Disney+ is killing it in the streaming world. The streaming world is growing fast. Every day it seems like there are new streaming services or streaming services that die off. Or at the very least services starting to fall off like Netflix. Netflix missed projections for this financial quarter and that has caused many to question the health of the streaming industry. But it seems like other services, especially Disney+ are continuing to do well.
Disney+ is one of the biggest streaming services and has been since it launched in fall 2019. It has something no other streaming service does; the two biggest franchises on the planet. The MCU and Star Wars have been crucial to the success of Disney+. Not to mention, the large back catalog of classic Disney films available on the service. D+ has continued to grow faster than people expected. But many have questioned if Disney+ can survive on just Star Wars and Marvel alone. However, it seems like for now they have nothing to worry about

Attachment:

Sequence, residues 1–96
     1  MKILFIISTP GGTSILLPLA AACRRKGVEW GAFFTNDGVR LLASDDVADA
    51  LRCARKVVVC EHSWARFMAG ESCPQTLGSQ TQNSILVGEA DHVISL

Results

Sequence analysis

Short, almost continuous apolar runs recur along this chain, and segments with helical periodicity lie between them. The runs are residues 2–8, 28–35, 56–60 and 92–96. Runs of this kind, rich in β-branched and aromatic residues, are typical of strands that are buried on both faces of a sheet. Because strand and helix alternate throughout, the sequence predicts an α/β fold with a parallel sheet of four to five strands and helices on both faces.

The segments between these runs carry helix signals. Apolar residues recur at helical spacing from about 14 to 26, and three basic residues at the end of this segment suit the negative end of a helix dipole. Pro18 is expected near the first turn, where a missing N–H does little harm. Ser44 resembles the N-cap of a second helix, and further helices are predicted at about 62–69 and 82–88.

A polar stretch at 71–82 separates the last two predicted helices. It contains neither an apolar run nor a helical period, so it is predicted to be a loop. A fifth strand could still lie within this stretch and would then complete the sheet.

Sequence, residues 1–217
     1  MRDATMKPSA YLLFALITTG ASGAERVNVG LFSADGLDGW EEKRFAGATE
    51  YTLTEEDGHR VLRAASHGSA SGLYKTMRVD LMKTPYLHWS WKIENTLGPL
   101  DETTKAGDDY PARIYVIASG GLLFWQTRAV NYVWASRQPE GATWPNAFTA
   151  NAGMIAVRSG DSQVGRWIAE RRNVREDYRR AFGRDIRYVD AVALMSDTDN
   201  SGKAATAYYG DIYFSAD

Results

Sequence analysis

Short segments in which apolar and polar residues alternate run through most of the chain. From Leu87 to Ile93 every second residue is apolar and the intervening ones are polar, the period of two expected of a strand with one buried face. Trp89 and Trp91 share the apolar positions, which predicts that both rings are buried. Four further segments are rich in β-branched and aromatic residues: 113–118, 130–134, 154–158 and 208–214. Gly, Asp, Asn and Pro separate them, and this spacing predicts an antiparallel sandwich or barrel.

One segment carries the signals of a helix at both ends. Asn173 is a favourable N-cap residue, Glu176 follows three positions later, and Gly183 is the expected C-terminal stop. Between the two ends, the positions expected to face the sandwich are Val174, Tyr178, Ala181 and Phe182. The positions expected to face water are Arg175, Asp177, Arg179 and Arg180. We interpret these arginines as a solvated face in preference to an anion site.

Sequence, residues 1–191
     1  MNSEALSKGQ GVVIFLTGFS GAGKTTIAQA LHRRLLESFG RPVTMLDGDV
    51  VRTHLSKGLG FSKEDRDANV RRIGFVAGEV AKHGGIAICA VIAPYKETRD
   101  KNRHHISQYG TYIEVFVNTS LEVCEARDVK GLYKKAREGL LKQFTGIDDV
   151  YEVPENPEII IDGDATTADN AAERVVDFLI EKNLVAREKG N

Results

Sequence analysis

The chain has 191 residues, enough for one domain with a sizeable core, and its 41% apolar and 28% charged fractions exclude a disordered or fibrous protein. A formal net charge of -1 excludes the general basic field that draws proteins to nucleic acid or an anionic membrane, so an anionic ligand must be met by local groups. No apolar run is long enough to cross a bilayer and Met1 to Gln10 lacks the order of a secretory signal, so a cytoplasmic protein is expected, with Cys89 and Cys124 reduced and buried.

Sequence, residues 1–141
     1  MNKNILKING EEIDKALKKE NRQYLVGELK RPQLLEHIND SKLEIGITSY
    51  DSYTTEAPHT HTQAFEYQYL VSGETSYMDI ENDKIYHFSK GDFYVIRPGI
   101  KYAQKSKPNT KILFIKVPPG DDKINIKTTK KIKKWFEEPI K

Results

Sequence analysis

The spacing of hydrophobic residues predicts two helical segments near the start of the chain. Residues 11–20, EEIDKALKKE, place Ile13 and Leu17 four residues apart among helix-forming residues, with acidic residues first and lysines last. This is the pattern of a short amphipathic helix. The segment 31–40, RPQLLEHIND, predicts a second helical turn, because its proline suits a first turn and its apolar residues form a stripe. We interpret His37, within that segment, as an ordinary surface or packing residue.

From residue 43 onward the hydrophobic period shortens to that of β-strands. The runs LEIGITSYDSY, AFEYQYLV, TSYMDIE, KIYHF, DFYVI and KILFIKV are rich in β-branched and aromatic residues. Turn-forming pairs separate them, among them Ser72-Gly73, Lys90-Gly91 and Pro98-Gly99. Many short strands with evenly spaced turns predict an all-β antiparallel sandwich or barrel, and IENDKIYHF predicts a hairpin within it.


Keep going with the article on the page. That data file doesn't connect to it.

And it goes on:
Disney+ Adds 7.8 Million Subscribers, Disney Q2 FY22 Report
Today, Disney reported that they have added 7.8 million subscribers during the second quarter to Disney+. Disney was only expected to add around 5 million subscribers this quarter. Disney also reported that Hulu added 300,000 subscribers and ESPN+ added 1 million subscribers.
This really is not surprising to hear. Unlike Netflix, Disney Plus has not made a lot of unpopular decisions. They have not cracked not password sharing. They continue to add new content fairly regularly. And they have a great back catalog of existing shows and movies that makes the service really popular among families. Whereas, Netflix is slowly losing its back catalog to competitors buying back rights to their content.
That said, the streaming industry still is in a growth phase. Eventually, it will reach its limit and only a few services will survive. Disney+, HBOMax, Amazon Prime, and Netflix seem like they are here to stay. But even Netflix is starting to struggle in a way that’s reminiscent of BlockBuster. Who knows what streaming services will be left 5 years from.
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